Vicente Rafael, Professor of History, University of Washington, examines the emergence of the Philippine nation-state. How did its multi-lingual population and mixed race elites resist and accommodate the forces of imperial powers? The Philippines remains both central and peripheral to the globalized histories of Europe, North America and Northeast Asia.
Other lectures in this series:
Oct 5: First Emperor, Last King: The Creation of the Chinese Empire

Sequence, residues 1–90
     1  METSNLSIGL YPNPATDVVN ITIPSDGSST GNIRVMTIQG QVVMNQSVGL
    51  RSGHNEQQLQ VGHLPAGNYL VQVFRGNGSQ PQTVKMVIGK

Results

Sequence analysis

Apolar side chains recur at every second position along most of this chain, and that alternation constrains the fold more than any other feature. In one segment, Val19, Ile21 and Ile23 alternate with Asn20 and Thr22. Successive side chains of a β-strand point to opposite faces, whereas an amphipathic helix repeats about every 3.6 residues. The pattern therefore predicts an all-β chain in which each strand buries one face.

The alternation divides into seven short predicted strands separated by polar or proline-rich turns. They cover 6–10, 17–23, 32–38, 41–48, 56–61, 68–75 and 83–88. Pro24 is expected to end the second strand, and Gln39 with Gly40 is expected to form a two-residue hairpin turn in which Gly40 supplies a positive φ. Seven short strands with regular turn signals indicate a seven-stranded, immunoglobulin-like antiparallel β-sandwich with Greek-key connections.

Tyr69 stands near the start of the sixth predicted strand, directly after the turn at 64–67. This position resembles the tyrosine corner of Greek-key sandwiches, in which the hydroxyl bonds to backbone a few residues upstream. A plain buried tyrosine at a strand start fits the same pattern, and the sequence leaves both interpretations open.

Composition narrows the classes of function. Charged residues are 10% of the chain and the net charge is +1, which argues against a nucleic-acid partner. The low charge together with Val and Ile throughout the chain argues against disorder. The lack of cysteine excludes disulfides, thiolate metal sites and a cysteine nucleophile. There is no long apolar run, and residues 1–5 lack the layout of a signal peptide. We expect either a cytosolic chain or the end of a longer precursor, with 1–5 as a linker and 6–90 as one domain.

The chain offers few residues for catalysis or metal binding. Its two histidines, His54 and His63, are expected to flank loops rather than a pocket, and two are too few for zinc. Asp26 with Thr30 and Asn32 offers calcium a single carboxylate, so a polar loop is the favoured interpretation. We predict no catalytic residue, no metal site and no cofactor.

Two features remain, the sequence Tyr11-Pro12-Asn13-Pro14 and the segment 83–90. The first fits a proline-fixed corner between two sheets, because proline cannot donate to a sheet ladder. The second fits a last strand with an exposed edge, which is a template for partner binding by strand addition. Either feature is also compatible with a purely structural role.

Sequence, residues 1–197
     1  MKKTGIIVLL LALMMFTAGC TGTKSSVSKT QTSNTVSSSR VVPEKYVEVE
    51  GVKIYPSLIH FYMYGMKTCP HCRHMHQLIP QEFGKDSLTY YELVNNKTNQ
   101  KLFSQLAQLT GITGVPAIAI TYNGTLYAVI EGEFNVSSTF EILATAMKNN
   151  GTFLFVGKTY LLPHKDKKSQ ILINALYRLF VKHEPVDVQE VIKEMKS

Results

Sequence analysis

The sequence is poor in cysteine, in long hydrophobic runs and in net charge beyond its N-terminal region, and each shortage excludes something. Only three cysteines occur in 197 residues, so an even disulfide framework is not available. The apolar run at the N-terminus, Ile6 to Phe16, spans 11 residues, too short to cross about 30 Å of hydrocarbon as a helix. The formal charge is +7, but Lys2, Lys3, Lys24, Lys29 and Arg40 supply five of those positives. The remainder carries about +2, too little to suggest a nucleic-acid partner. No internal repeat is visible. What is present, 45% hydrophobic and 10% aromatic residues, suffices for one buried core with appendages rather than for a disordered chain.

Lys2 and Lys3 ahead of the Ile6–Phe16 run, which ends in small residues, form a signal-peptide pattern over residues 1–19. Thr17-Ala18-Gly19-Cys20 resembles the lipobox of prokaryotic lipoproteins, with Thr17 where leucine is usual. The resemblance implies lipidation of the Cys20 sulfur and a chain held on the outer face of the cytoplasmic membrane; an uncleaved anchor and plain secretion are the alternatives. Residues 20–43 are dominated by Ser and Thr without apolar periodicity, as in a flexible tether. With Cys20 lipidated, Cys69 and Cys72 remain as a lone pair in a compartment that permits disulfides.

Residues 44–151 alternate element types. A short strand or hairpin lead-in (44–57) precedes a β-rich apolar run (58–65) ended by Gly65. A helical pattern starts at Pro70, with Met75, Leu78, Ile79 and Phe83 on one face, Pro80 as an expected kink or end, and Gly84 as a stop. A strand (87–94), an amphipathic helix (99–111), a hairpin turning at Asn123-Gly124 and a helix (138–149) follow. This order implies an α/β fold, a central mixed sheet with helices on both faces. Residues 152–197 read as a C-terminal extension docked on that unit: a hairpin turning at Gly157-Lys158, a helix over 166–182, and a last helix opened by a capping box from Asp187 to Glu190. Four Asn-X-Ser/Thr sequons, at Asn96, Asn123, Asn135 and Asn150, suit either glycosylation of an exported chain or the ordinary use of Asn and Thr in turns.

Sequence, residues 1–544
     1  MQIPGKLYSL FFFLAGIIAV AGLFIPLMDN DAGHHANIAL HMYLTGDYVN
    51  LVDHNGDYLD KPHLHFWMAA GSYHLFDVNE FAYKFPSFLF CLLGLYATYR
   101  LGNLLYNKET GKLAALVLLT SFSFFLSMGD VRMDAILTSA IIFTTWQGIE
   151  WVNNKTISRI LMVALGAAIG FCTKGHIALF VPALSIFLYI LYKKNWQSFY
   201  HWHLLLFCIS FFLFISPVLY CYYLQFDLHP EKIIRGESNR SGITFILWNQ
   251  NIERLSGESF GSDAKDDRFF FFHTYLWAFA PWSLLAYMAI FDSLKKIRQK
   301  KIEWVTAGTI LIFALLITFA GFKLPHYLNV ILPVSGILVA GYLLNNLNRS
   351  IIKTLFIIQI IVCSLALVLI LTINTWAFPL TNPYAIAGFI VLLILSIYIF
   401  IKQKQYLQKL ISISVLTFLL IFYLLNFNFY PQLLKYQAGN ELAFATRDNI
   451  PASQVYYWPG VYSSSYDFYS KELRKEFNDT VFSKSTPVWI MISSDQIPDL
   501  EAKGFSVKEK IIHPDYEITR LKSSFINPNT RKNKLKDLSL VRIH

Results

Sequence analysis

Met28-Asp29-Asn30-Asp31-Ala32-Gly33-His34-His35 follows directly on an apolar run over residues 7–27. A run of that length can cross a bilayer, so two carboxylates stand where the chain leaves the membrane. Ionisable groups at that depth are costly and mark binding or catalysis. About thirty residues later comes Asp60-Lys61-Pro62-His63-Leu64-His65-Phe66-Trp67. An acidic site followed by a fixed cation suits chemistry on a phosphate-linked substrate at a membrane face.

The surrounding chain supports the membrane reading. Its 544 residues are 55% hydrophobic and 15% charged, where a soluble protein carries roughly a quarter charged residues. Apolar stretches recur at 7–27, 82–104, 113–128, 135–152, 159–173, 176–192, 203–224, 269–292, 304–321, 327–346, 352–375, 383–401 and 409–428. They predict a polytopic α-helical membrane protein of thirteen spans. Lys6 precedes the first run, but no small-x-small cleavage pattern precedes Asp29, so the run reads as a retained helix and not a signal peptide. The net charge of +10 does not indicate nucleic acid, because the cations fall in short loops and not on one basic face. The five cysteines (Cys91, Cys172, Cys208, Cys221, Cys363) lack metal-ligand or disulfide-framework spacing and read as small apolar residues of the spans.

Oct 12: Photography and the Uprising in India, 1857
Oct 19: The Mongol Empire between Ecology and History: Environmental Questions about the Rise of Chinggis Khan
Oct 26: Amid Three Empires: the Philippines Under Spain, the United States, and Japan, 1565-1946
Nov 2: TBA
Nov 9: China on the Global Stage: Arts of the Qing Empire
Nov 16: Retreat from Empire: Japan's Changing Choices in the Age of Encounter
Nov 23: History and Empire: A Comparative Look at Ottoman, Safavid Persian and Mughal Illustrated Manuscripts
Dec 7: Rethinking Japanese Empire of the 20th Century
SAM member series: $45
Nonmember series: $88
Series tickets are no longer available.
Individual lecture tickets are available at the door only. Names will be taken for the waiting list beginning at 9 am.
A free, on-site simulcast is available each week.